Thanks for a concise post on the value of Twitter. So often people ask me ‘where do you find all of this cool stuff?’ and I always admit that my Twitter PLN is a huge source of it! Sometimes I wonder when some of the posters on Twitter that I follow sleep!
Living in the Southern Hemisphere, I always awake to a huge bounty of new ideas and conversation that has been tweeted overnight…if only we could schedule some of those #edchats at a better time!
This is both street smart and intlleigent.
Thanks, Carl and Kay! People complain about being limited to 140 characters, but that is often enough to tweet out a link to a great read or resource (especially with shortened URLs!). That’s where Twitter does it for me – When I don’t have a great deal of time, I can hop on and pick up a few gems. When I do, I can have my tweets pop up while I work, or participate in a chat… I’ve found some outstanding educators who love to share!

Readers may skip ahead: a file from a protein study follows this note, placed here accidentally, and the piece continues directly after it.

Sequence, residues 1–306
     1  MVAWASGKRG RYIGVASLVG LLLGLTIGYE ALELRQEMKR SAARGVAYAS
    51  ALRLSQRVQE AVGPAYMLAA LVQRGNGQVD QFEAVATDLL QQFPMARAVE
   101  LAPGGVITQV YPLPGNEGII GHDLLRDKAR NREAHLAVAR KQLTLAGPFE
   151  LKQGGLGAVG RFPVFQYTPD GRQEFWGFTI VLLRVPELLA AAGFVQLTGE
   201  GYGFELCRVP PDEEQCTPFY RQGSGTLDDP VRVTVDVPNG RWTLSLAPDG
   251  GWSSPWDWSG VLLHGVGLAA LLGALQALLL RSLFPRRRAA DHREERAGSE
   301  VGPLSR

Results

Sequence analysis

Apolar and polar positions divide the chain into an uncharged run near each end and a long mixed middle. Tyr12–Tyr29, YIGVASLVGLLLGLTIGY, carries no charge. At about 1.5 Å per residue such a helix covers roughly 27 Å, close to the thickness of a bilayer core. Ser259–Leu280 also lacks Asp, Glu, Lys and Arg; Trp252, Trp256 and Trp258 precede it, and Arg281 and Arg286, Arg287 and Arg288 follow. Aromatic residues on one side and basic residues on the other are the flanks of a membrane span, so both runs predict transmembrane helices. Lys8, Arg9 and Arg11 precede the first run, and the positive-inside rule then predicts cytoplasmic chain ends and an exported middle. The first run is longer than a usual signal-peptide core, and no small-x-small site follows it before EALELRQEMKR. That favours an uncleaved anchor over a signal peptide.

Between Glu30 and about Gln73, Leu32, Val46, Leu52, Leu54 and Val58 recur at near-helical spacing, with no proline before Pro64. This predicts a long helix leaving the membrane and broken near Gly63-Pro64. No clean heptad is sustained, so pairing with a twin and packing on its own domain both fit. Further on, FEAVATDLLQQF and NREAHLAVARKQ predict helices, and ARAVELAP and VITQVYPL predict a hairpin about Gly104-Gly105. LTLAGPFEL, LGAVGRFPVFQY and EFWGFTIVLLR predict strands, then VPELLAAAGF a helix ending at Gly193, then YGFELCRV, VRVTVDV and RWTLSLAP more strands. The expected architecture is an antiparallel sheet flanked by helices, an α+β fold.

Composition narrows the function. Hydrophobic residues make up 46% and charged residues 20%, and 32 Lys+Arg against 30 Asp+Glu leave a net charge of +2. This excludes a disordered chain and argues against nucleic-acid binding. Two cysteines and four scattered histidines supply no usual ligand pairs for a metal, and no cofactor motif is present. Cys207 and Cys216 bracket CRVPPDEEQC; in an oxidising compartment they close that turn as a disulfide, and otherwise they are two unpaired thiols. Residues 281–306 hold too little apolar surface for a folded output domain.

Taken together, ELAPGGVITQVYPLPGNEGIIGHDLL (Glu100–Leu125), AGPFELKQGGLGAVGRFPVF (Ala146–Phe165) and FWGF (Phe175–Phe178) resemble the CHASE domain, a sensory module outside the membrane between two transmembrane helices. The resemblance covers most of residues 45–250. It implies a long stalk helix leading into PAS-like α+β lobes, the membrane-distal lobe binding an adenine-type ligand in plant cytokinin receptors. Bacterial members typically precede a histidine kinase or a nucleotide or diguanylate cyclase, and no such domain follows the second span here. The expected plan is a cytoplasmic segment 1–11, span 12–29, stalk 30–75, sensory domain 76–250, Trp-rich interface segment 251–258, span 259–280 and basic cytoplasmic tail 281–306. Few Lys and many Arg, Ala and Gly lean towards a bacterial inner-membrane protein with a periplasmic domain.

Kay – It’s not fair that you miss so much! #edchat is moderated by @shellterrell, @web20classroom and @tomwhitby. I would ask them if you could moderate and promote an #edchat at a convenient time for folks down there! I know you can always check the archives, but that’s not nearly as fun as being an active participant.
I love the idea of a hashtag meetup….I never had thought about it that way and it makes such sense. I am still struggling to find a PLN of random people…but I definitely relate to connecting with teachers from #scichat and #6thchat.
Slowly I’m developing connections thru what I now know as hashtag meetups into a PLN.